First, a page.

The UN International Labour Organization (ILO) on Wednesday called on countries to extend social safety nets far more widely as an estimated four billion people live without any welfare protection today to cushion them from crisis.
ILO Director-General Guy Ryder reiterated that such a move would help future-proof workers and businesses in the face of new challenges as he highlights how the Covid-19 crisis has pushed up government spending by some 30%.
“This is a pivotal moment to harness the pandemic response to build a new generation of rights-based social protection systems,” said Mr. Ryder.
“These can cushion people from future crises and give workers and businesses the security to tackle the multiple transitions ahead with confidence and with hope.”
In a new report the UN body acknowledged that the Covid-19 crisis had led to greater social protections worldwide, albeit mainly in wealthy countries.
It noted that only 47% of the global population is covered by at least one social protection benefit, while only one in four children has access to national welfare safety nets.
Further research indicated that only 45% of women with newborns worldwide receive a cash benefit, while only one in three people with severe disabilities receive a disability benefit.
Coverage of unemployment benefits is even lower, ILO said, with only 18.6% of jobless workers effectively covered globally.
On retirement welfare, the UN body found that although nearly eight in 10 people receive some form of pension, major disparities remain across regions, between rural and urban areas and women and men.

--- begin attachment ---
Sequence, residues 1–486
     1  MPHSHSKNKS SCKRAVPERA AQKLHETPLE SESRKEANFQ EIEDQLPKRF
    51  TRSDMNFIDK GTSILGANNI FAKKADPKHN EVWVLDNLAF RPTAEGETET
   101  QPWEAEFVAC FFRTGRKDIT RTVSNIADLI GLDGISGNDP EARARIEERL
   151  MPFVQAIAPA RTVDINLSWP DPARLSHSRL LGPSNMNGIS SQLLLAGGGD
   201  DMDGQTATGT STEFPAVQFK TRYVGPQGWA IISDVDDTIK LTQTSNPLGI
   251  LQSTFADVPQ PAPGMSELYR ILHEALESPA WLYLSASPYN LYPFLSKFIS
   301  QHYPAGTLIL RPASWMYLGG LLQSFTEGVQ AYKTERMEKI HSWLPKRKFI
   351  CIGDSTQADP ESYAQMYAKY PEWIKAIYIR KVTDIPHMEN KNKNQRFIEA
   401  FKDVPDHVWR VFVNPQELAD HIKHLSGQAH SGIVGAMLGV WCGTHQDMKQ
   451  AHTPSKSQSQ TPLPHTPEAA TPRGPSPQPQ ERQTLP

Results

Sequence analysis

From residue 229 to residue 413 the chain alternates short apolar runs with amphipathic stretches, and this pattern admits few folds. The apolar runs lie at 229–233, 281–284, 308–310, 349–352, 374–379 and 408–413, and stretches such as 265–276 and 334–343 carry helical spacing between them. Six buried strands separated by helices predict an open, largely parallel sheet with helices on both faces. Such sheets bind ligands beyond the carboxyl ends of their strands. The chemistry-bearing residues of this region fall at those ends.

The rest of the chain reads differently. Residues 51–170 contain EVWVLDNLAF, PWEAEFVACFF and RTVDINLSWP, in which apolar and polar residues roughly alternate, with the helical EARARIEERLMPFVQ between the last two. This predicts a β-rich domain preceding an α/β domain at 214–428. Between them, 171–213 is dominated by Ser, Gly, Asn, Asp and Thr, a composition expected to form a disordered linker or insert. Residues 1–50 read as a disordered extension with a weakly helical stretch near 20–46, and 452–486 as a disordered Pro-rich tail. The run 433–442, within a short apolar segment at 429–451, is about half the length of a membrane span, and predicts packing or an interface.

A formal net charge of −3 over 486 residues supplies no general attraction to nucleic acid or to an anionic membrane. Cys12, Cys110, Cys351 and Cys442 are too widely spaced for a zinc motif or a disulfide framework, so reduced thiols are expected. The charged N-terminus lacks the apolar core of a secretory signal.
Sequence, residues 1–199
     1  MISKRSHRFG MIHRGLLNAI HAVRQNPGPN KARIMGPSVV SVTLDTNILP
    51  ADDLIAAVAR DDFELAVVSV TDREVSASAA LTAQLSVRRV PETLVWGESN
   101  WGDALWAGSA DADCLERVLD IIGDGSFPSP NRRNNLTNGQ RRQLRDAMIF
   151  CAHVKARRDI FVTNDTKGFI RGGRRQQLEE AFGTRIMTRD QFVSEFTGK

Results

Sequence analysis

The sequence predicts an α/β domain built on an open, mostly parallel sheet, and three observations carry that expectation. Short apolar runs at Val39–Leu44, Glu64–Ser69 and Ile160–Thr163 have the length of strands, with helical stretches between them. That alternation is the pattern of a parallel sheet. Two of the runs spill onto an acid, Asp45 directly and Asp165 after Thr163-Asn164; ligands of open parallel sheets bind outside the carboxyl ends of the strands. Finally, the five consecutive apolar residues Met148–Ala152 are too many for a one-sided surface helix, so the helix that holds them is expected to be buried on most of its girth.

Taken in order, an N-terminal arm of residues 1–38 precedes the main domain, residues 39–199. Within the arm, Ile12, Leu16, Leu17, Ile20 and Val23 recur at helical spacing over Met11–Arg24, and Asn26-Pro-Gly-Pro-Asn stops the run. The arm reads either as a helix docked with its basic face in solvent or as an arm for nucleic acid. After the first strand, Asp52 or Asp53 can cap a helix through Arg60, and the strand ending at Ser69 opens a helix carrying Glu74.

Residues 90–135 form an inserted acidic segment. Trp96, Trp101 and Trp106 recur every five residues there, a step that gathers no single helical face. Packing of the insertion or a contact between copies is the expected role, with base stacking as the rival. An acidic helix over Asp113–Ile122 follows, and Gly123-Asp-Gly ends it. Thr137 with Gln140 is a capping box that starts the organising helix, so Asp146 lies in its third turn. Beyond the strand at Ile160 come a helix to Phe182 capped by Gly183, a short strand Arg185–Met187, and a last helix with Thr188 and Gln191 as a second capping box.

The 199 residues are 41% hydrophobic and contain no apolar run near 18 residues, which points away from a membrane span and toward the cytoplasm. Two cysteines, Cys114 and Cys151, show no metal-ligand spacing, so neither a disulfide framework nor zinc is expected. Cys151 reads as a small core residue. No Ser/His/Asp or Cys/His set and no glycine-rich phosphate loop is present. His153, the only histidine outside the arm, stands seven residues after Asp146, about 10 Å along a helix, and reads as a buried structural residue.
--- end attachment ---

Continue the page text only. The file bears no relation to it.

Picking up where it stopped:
Europe and Central Asia have the highest rates of coverage, with 84% of people having access to at least one benefit.
Countries in the Americas are also above the global average (64.3%), in stark contrast to welfare roll-out in Asia and the Pacific (44%), the Arab States (40%) and Africa (17.4%).
Highlighting differences in government spending on social protection, ILO said that high-income countries spend 16.4% of national turnover (above the 13% global average, excluding health), while low-income countries budget just 1.1%.
The UN body noted that since the start of the Covid-19 pandemic, governments have had to increase spending massively to ensure minimum social protection for all, by around 30%.
“There is an enormous push for countries to move to fiscal consolidation, after the massive public expenditure of their crisis response measures, but it would be seriously damaging to cut back on social protection; investment is required here and now,” said Shahra Razavi, Director, ILO Social Protection Department.
Underscoring the multiple benefits of social welfare protection, Ms. Razavi insisted that it could promoted “better health and education, greater equality, more sustainable economic systems, better managed migration and the observance of core rights…The benefits of success will reach beyond national borders to benefit us all”. (Source: UN News)